Nothing Is Too Big To Hack Any More

The industrial control systems that literally run our entire world are wide open

Photo Illustration: R. A. Di Ieso
Jul 13, 2016 at 11:26 AM ET

Big chunks of industrial infrastructure in both the public and private sector are more vulnerable to cyber attack than they’ve ever been, according to a new report. Because the systems that run pretty much every aspect of life are now so interconnected (think electricity, pharmaceuticals, food production, aerospace, and banking, to start) the opportunities for cyber attackers to access and exploit the networks that run them continue to rise.

As electronic systems take over where mechanical systems once reigned (think: heating systems vs. modern, integrated climate control) more and more devices are hooked up to online networks. A new report from Kaspersky Security Intelligence finds that the number of vulnerabilities in components used in industrial control systems increased to the second-highest amount in nearly 20 years in 2015 and that nearly half of them could be classified as “critical.”

Attacks on industrial control systems like these have the potential to be devastating. In 2015, one security researcher discovered that cyber attackers had found a means of accessing online networks responsible for running the U.S. power grid. Recently, Iranian hackers were convicted of hacking into the control system of a small dam in New York, which could have easily enabled them to remotely operate its gate. The case recalled another 2015 breach in which still-unknown attackers accessed and manipulated a water treatment facility that served several counties in the U.S.

“We now live in a world where devastating attacks on our financial system, our infrastructure and our way of life can be launched from anywhere in the world, with a click of a mouse,” said U.S. Attorney Preet Bharara said at the indictment of the dam hackers. (Basically, “Mr. Robot”-style hacking of Steel Mountain’s climate control system, IRL.)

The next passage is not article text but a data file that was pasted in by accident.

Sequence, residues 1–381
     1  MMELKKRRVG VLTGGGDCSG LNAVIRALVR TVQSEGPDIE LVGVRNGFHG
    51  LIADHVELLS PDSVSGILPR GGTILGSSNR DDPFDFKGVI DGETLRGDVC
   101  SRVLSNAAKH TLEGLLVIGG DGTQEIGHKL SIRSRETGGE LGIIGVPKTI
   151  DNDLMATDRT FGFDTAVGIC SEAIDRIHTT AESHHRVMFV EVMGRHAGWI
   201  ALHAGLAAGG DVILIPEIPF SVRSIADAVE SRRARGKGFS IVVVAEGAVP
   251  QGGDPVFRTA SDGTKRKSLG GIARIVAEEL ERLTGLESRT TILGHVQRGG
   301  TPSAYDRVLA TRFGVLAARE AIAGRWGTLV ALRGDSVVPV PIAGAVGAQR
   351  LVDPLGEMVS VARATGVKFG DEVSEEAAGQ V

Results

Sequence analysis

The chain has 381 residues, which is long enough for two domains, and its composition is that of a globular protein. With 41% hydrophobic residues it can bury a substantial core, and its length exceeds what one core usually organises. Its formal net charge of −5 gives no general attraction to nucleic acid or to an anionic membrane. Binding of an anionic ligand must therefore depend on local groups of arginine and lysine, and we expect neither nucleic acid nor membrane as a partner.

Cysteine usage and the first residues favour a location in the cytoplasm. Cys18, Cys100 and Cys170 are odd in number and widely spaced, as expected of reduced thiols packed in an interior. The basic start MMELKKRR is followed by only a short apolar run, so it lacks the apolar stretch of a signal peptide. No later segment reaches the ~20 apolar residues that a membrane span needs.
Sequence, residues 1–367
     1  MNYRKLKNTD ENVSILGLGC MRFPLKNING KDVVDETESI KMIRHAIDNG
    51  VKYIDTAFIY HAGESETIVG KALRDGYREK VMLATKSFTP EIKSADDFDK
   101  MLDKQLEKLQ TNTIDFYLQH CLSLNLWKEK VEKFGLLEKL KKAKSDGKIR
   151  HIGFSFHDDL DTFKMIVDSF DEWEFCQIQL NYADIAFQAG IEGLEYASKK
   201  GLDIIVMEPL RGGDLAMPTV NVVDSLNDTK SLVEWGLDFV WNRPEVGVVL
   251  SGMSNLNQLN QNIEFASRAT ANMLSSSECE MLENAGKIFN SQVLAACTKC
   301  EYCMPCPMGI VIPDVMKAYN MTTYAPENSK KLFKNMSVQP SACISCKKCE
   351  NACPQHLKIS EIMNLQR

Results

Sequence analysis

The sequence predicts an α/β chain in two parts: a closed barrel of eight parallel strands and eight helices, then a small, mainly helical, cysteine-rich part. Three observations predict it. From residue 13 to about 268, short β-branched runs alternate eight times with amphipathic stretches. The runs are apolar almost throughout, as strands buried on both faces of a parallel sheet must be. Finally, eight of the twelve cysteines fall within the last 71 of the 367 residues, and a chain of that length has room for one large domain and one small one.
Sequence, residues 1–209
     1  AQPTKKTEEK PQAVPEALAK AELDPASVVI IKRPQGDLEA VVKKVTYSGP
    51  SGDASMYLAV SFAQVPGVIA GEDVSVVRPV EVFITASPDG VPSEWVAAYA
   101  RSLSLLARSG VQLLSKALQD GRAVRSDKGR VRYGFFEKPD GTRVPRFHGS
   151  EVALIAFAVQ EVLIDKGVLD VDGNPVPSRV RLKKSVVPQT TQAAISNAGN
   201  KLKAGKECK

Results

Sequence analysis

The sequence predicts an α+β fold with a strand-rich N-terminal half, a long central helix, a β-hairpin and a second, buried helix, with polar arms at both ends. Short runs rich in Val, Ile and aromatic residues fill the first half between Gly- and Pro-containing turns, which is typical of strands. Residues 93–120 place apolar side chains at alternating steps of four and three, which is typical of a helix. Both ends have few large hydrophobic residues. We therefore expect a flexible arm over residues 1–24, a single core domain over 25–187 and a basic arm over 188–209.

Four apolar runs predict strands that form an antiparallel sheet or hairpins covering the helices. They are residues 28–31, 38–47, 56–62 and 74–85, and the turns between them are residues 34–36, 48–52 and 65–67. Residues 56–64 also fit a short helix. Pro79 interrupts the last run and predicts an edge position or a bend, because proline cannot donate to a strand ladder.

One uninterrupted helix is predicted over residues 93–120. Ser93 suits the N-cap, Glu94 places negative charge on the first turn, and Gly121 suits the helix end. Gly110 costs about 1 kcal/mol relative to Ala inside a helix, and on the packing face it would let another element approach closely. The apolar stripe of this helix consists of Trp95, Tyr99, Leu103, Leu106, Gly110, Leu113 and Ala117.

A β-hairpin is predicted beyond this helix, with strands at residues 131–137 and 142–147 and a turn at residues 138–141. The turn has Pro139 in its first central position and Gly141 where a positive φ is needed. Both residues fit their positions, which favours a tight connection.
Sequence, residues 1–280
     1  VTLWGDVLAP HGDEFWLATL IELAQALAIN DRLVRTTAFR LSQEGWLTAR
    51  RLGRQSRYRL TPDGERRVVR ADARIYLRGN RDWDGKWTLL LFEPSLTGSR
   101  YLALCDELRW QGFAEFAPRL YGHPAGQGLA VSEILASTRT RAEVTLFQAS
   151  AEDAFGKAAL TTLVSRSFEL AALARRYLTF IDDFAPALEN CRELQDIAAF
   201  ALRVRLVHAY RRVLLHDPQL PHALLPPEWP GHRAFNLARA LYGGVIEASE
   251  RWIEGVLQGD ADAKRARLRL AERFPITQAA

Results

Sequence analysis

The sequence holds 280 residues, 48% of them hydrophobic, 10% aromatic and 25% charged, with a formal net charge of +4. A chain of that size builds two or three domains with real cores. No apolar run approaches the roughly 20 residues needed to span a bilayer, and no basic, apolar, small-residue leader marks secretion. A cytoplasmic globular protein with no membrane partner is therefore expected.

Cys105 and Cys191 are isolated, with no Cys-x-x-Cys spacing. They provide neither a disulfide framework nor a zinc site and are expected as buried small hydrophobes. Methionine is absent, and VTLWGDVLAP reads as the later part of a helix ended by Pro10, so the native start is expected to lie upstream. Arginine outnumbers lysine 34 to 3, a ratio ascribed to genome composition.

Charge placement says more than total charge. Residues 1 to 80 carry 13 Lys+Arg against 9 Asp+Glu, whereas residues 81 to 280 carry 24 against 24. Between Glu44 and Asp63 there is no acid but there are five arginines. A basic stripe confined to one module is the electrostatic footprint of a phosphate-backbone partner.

While 85 percent of these types of vulnerabilities have already been identified and addressed, most of the remaining ones are high-risk enough to be a cause for alarm.

These systems are meant to be physically and technically secure, but making them impenetrable has proven near impossible. The Kaspersky report says that traditional precautions are no longer enough because of the myriad ways external systems and networks can be compromised, including unauthorized connection via smartphone or modem and infected hard drives or USB sticks. As the infrastructure systems become more advanced, they require more parts to function properly, with every link in the constantly-expanding chain adding additional vulnerability.

And in all likelihood, the complexity of industrial control systems is only going to intesify. As technology continues to evolve and the Internet of Things gains in popularity, these systems will become increasingly used for more elaborate purposes, like running smart cities, homes, and cars.